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"Behind The Mask" exhibition offers a glimpse at the art of Tuong

Behind The Mask exhibition, which is the first permanent exhibition about the art of Tuong in Vietnam, is taking place at Vietnam Tuong Theatre. A part of the series of activities celebrating Vietnam Tuong Theatre's 60th anniversary, the exhibition aims to raise local awareness and introduce foreign tourists to the art of Tuong, a feature of Vietnamese culture that is gradually losing its popularity in modern society.

The art of facial makeup may be the most characteristic and outstanding feature of Tuong, but it is not everything. Behind The Mask exhibition, therefore, invites the audience to look beyond the colors and lines to find other distinctive aspects of this long-established performing art. With a history of approximately 800 years, Tuong has steadily developed and enhanced its different parts from facial makeup to costume to music. Throughout such process, Vietnam Tuong Theatre has been making significant contributions in an effort to preserve and sustain this Vietnamese traditional art form.

Behind The Mask Exhibition Trailer

In order to give the audience a glimpse at the art of Tuong, the exhibition is divided into four main displays. On the ground floor, the history room provides a brief introduction about the long history of Tuong, including the “founding fathers" of the art form and the ancient scripts written in Nom characters. The make-up section showcases more than 30 hand-drawn masks portraying different characters in classical Tuong plays, such as Trieu Khuong Dan in Nu tuong Dao Tam Xuan or Khuong Linh Ta in Son Hau.

Mask try on section

The exhibition continues onto the first floor with displays of performing costumes and musical instruments. Eight costumes from eight characters in two plays Ngheu So Oc Hen and Nu tuong Dao Tam Xuan are placed opposite to each other, allowing the audience to compare and contrast two main genres of Tuong, folk and classical.  The juxtaposed section highlights more than ten instruments commonly found in contemporary Tuong performances.

Costumes in Ngheu So Oc Hen

Behind The Mask Exhibition

Location: Vietnam Tuong Theatre, 51A Duong Thanh, Hoan Kiem, Hanoi

Opening: 9 AM - 6 PM every day

Free Entrance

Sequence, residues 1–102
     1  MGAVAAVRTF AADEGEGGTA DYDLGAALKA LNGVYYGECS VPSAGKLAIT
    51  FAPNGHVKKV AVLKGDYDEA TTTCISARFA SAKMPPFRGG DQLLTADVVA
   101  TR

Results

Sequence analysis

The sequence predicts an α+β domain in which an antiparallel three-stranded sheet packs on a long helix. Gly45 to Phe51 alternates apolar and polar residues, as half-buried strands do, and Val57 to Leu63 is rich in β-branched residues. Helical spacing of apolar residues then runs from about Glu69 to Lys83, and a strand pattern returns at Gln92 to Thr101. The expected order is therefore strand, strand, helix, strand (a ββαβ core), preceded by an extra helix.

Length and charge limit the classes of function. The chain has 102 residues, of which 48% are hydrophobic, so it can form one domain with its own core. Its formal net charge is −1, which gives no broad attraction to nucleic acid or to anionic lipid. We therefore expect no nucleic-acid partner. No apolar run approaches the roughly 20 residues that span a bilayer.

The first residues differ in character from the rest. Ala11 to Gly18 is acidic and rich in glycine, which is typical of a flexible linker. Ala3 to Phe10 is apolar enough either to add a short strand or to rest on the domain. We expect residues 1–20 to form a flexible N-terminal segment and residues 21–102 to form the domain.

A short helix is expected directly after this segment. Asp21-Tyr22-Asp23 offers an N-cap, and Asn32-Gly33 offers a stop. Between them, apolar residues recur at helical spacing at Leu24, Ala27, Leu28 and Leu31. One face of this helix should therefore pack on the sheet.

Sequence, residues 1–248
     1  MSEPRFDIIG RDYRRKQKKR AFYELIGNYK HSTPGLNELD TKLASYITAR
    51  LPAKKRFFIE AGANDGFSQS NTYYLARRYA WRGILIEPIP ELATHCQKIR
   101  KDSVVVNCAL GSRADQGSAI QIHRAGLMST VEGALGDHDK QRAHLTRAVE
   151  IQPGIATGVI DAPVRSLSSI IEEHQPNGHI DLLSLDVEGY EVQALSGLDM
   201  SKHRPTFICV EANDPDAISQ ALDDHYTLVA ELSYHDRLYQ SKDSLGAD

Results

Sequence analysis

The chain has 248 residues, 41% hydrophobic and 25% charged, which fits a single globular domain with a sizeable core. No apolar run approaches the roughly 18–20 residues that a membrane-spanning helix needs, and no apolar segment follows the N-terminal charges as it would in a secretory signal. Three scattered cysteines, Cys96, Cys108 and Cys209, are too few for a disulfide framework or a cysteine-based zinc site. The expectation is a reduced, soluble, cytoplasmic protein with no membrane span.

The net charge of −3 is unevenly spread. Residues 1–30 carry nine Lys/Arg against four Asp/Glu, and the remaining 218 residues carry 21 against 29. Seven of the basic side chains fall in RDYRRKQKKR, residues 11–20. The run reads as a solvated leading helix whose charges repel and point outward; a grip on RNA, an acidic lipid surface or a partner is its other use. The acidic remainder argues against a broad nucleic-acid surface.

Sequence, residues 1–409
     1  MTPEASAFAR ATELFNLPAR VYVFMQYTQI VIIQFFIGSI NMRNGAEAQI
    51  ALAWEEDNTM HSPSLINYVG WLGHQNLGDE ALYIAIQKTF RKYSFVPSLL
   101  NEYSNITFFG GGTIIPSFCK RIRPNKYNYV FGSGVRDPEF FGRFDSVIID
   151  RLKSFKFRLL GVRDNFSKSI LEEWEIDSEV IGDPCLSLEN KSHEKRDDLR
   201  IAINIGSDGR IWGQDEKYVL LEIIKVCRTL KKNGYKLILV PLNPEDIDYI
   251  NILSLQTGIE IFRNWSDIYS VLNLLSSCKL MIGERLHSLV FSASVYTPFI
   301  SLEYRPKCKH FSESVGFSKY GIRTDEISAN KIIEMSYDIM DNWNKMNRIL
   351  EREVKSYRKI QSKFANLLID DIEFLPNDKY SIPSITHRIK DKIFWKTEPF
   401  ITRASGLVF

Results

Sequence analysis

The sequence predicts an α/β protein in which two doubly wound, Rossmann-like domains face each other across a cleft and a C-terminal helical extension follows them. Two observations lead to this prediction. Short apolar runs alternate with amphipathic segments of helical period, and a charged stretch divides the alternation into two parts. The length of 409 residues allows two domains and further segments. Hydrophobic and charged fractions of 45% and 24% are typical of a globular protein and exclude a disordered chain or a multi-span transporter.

The guided tour operated by Lune Production in English will take place on certain days of the week, starting from 5 PM. For more information, please contact hotline +84 918573030.

Guided Tour Schedule from December 2019 to February 2020

Tour guide introducing about the exhibition



Tuong is a form of Vietnamese theatre based on folk performances and written literature. Though its origin is still a subject of controversy, some argue that Tuong emerged around the 13th and 14th century and reached its peak in the 18th and 19th century when the Nguyen Dynasty regarded it as the national theatre.

Performances can be divided into two types: classical, which revolves around heroism and imperial politics; and folk, which tells tales about commoners’ daily life. Regardless of the content, the art of Tuong is in essence theatrical symbolism.

Vietnam Tuong Theatre

Vietnam Tuong Theatre, a successor of Northern Tuong Troupe, was founded in 1959. Throughout sixty years of development, the Theatre has cultivated and trained many generations of artists and artisans. With unceasing dedication in the effort to preserve and promote the traditional art of Tuong, Vietnam Tuong Theatre has been awarded Second-class and Third-class Independence Orders, as well as First-class, Second-class, and Third-class Labor Orders.

Facial makeup

Rather than putting on masks, Tuong performers paint directly on their faces. The colors and details of the make-up reveal the personality of the characters: a red face with a long beard and upward slanting eyebrows belong to a candid and heroic general, while a white face with a big nose and an unruly beard guarantee flattery and betrayal.

Tuong artist doing his facial makeup


Costume is an important feature in Tuong performances. In classical Tuong plays that revolve around the royal family and royal court, each character has their own sets of costume with complicated patterns and tactful designs. On the contrary, the costumes in folk Tuong performances are much simpler: rather than tailor-made for specific characters, folk Tuong costumes are designed for character groups, such as peasants, soldiers, officials, monks, etc…

Costumes in Nu tuong Dao Tam Xuan

Musical instruments

Music is indispensable to Tuong performance. The number of musical instruments used in a performance varies based on each performance script, but these three are must-haves: Ken (a single-reed woodwind instrument), Dan Nhi (a two-string bow instrument) and drums. The use of each instrument is specific to each play; normally Ken and drums build up tension for a fighting scene while Dan Nhi signifies a monologue.

Musical instruments section

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